The practice: can a ketogenic diet truly relieve bipolar symptoms?
Theoretically, keto can act as a mood stabilizer. But is there any actual evidence?
Unfortunately to date there are only two clinical case reports using the ketogenic diet for bipolar disorder. The first one was a face-palming fail. In 2002, a team of clinicians put a 49-year-old woman with drug-resistant bipolar disorder on a month-long ketogenic diet. The lady did not show any improvement of symptoms, but researchers also couldn’t detect any urinary ketones, weight loss or changes in liver function, suggesting that somehow she managed to resist going into ketosis.
A case report from 2013 presented far more encouraging results. The report documented two patients with Type II Bipolar. That is, they suffer from hypomania (“below mania”) and depressive episodes rather than full-blown mania. Both patients were women whose bipolar symptoms manifested in their young adulthood and had previously responded badly to medication, including drug-induced suicidal thoughts and attempts. Before the diet, both ladies had tried an anticonvulsant called lamotrigine, which worked decently for one but not the other.
Mrs. A began her diet in January of 2010 and maintained it for two years, eating a diverse range of high quality keto-friendly food (free range meats, diary, seafood). She was able to lower and ultimately stop her medication and control her symptoms with diet alone. In her words: ...I have not lost my temper once [since establishing ketosis], nor have I felt like it…I believe that being in ketosis has been life changing for me. Her serum lipid profile was similar to periods when she was on a vegetarian diet or an omnivore diet. Interestingly, she reported that her symptoms seemed better controlled with 15mg/dL of urine ketones compared to 5mg/dL, suggesting that the degree of ketosis may be important for bipolar management.
Mrs. B had previously tried the diet to control flare-ups for irritable bowel syndrome and serendipitously noticed its mood stabilizing effect. In preparation for pregnancy she stopped lamotrigine and went back on the diet. Within 3 days of achieving ketosis, she reported “ a sense of calm, confidence and kindness” and her symptoms have remained stable on the diet for 3 years. Both ladies were medically monitored and given supplements to decrease the risk of keto-related kidney stones. Neither ladies reported any adverse effects or symptoms of anxiety.
A final word: can a ketogenic diet stabilize mood?
While intriguing, it’s very difficult to generalize from two anecdotes. The studies were completely open label, so both patients and clinicians knew of the desired result. Both ladies were extremely motivated and dedicated to the n=1 experiments "wanting" the intervention to work – hence placebo effects may play a large role in the self-reported improvements. The ladies both took a paleo-like approach to their diet, eliminating processed foods, gluten and sugar and supplementing with of omega 3s and probiotics; any or all of these could have accounted for the perceived mood stabilization. The ladies were closely monitored for any sign of medical problems, so don't try this at home without talking to your physician. And one has to wonder: are there any cases where a ketogenic diet did not improve bipolar symptoms, but they just weren’t reported?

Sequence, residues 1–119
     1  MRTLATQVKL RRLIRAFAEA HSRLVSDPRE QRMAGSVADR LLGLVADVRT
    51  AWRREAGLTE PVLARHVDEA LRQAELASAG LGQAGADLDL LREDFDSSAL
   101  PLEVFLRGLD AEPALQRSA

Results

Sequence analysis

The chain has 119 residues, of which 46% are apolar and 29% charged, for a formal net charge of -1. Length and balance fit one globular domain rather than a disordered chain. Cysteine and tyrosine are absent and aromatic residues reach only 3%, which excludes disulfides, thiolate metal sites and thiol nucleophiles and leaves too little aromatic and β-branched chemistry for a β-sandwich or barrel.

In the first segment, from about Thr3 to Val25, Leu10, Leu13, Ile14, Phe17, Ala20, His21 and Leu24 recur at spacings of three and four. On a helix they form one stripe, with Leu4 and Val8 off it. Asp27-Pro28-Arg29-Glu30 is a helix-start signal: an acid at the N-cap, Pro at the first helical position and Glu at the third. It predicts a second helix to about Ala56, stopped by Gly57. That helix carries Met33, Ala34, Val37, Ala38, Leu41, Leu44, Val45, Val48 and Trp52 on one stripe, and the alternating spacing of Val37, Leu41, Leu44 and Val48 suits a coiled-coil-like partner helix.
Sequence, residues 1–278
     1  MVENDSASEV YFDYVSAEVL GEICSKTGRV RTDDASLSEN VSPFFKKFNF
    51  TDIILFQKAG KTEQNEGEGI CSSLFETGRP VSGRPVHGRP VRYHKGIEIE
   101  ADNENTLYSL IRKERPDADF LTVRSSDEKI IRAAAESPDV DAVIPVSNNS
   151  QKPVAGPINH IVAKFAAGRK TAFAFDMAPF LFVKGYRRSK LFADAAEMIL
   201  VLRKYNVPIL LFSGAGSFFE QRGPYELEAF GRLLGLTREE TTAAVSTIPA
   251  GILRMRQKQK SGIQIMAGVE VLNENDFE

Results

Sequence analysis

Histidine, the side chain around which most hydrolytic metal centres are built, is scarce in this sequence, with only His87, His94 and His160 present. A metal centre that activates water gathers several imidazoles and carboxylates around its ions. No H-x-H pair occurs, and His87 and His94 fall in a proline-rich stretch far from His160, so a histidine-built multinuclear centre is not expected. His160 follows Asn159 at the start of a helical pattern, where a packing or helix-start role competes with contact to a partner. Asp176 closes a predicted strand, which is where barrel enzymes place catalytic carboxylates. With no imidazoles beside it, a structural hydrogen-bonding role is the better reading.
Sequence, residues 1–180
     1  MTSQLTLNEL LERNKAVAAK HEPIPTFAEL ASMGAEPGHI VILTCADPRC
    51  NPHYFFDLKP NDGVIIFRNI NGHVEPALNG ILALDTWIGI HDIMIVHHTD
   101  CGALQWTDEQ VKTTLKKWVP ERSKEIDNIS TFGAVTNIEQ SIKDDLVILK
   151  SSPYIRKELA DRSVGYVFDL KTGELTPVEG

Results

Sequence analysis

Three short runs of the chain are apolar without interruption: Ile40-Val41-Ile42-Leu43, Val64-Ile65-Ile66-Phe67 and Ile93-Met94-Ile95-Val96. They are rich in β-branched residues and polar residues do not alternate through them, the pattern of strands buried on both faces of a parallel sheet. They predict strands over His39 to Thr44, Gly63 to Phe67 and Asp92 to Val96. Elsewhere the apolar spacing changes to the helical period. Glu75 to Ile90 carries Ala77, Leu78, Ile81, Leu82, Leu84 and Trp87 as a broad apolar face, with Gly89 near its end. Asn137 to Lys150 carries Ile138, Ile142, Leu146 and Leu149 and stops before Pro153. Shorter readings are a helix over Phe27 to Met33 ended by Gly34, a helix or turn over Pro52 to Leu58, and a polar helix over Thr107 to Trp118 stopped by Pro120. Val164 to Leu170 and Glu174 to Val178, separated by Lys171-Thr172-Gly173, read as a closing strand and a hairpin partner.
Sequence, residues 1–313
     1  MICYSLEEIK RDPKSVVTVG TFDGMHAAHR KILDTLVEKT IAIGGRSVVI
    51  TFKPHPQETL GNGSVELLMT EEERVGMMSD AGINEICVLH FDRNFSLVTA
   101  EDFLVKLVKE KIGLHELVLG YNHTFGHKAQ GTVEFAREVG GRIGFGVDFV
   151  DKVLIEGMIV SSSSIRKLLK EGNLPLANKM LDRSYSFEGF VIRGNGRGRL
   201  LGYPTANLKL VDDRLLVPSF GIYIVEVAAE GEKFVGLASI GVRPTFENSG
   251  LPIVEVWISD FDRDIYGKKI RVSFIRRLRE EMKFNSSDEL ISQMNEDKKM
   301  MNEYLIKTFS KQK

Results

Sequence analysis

It's also important to realize that keto can come with nasty side effects. Common complaints include constipation, dehydration and micronutrient and electrolyte deficiencies – the latter is no joke as it may induce irregular heartbeats. Other serious complications include increased chance of kidney stones, gallbladder problems and bone fractures, especially in children. But perhaps more disturbingly, keto may backfire in its use for bipolar disorder. A report from 2005 documented the case of a 54-year old man who started the Atkins diet while on valproate medication. Two weeks later, he reported sleeping problems; a months after that, his family voiced concern over his escalating bizarre behaviours and paranoia. In the end, two months into the Atkins diet, he was finally admitted to the hospital after being evicted from his apartment for causing extreme damage to the building. At the time of admission his thoughts were rambling and tangential and his mood irritable and expansive. The doctors placed him on a regular diet and continued his pre-admission medications for roughly 3 weeks until his mood stabilized and delusions improved.
From these highly contradictory reports it's clear that we don't know whether keto is beneficial for bipolar disorder, and if so, under what circumstances. For answers, we will have to wait for results from large-scale, randomized control experiments exploring the effects of keto on mood swings in bipolar disorder. But it's definitely an interesting field to keep an eye on.
Disclaimer: Once again, please don't try a ketogenic diet without talking to your doctor first. As you can see there is very little evidence that keto is beneficial for bipolar disorder, and that going into ketosis may trigger full-blown mania in some.
Phelps JR, Siemers SV, & El-Mallakh RS (2013). The ketogenic diet for type II bipolar disorder. Neurocase, 19 (5), 423-6 PMID: 23030231
El-Mallakh RS, & Paskitti ME (2001). The ketogenic diet may have mood-stabilizing properties. Medical hypotheses, 57 (6), 724-6 PMID: 11918434